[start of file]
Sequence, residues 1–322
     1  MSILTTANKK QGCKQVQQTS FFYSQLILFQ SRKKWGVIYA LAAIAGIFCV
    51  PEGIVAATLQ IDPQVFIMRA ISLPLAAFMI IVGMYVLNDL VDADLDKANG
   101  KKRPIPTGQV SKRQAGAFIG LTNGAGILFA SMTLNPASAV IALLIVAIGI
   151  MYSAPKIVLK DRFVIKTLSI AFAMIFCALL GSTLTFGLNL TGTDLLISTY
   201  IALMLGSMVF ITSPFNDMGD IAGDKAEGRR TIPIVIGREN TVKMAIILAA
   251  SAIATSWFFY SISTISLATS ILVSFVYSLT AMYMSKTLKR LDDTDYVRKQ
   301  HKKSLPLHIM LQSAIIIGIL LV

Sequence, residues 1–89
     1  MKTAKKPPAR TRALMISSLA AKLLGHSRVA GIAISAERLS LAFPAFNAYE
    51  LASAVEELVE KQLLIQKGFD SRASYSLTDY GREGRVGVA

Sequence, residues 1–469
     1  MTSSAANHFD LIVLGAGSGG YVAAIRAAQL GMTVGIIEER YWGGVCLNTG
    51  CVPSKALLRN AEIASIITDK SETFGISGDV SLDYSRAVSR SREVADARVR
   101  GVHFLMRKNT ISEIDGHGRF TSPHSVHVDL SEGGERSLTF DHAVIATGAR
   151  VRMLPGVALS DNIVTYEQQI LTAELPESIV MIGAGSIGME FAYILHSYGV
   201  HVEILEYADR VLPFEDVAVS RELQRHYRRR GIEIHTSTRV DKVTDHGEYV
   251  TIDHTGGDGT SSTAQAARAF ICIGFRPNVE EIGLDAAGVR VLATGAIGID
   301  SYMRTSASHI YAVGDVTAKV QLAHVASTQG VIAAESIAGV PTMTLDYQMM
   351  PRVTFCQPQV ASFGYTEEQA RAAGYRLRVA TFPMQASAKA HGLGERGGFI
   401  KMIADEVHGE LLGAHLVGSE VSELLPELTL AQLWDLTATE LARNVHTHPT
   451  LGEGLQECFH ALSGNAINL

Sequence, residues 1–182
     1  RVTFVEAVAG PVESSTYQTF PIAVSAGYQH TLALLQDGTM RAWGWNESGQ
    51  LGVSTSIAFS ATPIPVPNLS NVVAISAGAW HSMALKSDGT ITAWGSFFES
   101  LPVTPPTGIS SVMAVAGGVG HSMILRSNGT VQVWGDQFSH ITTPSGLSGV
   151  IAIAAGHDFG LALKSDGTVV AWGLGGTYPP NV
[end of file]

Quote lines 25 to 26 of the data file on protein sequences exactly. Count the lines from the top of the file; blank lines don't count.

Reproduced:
    51  LGVSTSIAFS ATPIPVPNLS NVVAISAGAW HSMALKSDGT ITAWGSFFES
   101  LPVTPPTGIS SVMAVAGGVG HSMILRSNGT VQVWGDQFSH ITTPSGLSGV